Two student officials at Burton and South Derbyshire College have thrown their weight behind a campaign to lower the voting age to 16.
Ben Wenham and Chloe Tinsley, both aged 17 and currently student council presidents at Burton and South Derbyshire College, are backing a cross-party bid to allow 16 and 17-year-olds the vote.
Currently, a person has to be 18 to vote in a general or local election, but a Private Members' Bill is set to be unveiled in the House of Commons on Friday, November 3 which could see a rethink.
The move is backed by a number of parties, including Labour, but Prime Minister Theresa May has already said she favours the status quo.
Mrs May said in July: "We expect people to continue in education or training until the age of 18, and I think that is the right point for the voting age."
Chloe Tinsley said: "We need the vote, I just don't think it's fair that our generation isn't able to vote for who is going to run our country and the decisions that are going to affect our future. I just don't think it is right that the majority of us don't get our say."
Ben Wenham said: "There are so many things you can do when you are 16, yet you can't vote for your MP who makes those decisions for you.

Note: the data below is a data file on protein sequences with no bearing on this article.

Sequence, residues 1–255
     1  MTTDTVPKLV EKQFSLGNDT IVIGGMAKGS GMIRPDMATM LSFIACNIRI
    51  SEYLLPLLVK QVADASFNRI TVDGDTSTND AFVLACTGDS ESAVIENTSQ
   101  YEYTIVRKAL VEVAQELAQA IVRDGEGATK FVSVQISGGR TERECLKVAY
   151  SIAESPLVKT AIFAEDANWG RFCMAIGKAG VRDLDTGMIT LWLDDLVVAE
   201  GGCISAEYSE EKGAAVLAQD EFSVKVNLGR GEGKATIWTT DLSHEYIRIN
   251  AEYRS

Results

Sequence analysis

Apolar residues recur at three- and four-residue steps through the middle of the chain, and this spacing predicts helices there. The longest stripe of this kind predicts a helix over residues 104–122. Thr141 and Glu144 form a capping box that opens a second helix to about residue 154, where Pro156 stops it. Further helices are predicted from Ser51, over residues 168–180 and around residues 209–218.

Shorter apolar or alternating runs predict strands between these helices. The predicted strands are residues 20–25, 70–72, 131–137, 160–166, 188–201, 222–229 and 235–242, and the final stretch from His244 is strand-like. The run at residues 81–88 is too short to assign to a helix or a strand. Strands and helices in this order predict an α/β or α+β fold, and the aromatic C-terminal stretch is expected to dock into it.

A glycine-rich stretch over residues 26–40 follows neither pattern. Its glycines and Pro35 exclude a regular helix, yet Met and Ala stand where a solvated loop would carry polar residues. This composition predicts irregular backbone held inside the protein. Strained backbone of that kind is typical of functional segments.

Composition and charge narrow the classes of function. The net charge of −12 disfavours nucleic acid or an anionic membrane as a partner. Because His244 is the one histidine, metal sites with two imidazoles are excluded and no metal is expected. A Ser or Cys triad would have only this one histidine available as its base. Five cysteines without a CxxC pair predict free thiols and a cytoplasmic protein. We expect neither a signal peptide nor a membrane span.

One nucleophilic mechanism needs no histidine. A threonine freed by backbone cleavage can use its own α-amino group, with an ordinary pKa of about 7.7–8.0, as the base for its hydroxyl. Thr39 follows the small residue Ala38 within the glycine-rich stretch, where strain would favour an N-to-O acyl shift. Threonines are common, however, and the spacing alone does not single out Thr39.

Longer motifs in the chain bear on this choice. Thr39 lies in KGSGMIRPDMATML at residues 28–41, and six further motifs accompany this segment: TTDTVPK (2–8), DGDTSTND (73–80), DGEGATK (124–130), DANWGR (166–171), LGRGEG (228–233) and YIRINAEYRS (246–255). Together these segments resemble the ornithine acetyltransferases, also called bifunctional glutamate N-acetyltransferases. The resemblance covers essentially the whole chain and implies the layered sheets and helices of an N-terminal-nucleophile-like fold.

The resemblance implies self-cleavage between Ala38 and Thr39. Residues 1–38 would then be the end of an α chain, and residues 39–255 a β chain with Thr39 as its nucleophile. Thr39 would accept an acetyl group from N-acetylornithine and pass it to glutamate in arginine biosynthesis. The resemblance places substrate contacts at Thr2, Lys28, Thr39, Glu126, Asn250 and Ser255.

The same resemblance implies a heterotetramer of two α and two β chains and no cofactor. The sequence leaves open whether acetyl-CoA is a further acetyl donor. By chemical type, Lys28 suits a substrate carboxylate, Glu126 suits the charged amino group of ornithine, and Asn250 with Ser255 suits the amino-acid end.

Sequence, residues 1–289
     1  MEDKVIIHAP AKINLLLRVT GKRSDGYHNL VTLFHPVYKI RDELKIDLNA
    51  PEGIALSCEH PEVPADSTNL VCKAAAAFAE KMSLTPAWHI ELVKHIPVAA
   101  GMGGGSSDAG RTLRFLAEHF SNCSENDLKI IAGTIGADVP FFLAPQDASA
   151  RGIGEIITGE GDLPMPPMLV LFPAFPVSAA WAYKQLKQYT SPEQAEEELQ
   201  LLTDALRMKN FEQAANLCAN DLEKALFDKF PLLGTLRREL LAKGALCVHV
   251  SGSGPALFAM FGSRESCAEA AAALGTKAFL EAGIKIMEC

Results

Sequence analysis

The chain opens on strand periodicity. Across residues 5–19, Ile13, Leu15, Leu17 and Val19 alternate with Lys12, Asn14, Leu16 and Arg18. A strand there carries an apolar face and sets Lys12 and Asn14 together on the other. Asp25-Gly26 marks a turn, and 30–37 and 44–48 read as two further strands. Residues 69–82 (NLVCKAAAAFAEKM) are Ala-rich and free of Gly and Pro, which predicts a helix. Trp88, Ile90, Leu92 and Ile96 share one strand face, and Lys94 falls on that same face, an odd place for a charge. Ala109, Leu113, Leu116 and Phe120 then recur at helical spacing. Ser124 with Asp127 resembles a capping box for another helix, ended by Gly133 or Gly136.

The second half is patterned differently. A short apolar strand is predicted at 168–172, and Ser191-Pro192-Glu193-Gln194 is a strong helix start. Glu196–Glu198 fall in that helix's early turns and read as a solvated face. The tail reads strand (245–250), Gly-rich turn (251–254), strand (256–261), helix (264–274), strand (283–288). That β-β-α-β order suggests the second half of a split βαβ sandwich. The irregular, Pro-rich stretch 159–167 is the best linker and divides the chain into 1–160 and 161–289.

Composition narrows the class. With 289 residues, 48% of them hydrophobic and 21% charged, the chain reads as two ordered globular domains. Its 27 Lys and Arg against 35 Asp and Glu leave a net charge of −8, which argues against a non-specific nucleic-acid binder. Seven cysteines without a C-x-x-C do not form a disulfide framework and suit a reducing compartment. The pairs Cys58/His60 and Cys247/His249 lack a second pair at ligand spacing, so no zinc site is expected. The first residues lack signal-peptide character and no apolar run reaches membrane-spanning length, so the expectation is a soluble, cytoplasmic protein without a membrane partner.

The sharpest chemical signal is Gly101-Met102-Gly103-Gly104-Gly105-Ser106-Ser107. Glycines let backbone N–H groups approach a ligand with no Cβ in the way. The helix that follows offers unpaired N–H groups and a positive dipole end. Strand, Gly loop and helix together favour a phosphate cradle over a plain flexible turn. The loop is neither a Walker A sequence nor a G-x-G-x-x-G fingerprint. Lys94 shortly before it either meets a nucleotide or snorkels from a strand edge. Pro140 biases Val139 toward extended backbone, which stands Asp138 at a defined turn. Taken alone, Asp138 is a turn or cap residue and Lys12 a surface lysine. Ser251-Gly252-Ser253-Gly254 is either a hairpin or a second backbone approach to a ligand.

"They could decide whether or not you can go into the military, but you can't choose who makes the decisions for you, and I think that's just not right, someone else is deciding our future for us."
Conservative MP for South Derbyshire, Heather Wheeler said she opposed the stance of lowering the minimum age.
Mrs Wheeler said: "I do not agree with lowering the age of voting. I think that the age of 18 is appropriate, people leave home at that age, some people get jobs at that age or go to university at that age – it's just the appropriate age.
"I seem to recall that it used to be 21 before you could vote and even 30 before that, but I have monitored it over time and I certainly think that 18 is the most appropriate."
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The campaign to lower the voting age has been backed by the British Youth Council, the National Union of Students and the Electoral Reform Society.
Ben said: "I definitely think younger people should be better educated about politics, but not in a way where they're not going to be bothered about it. It needs to be interactive, it needs to be funny and interesting, instead of making it seem boring which some of it really can be.
Chloe said: "I think some of it can be quite patronising sometimes, which you want to avoid. I think that makes this difficult, but again there are always ways so I don’t see why that should stop us."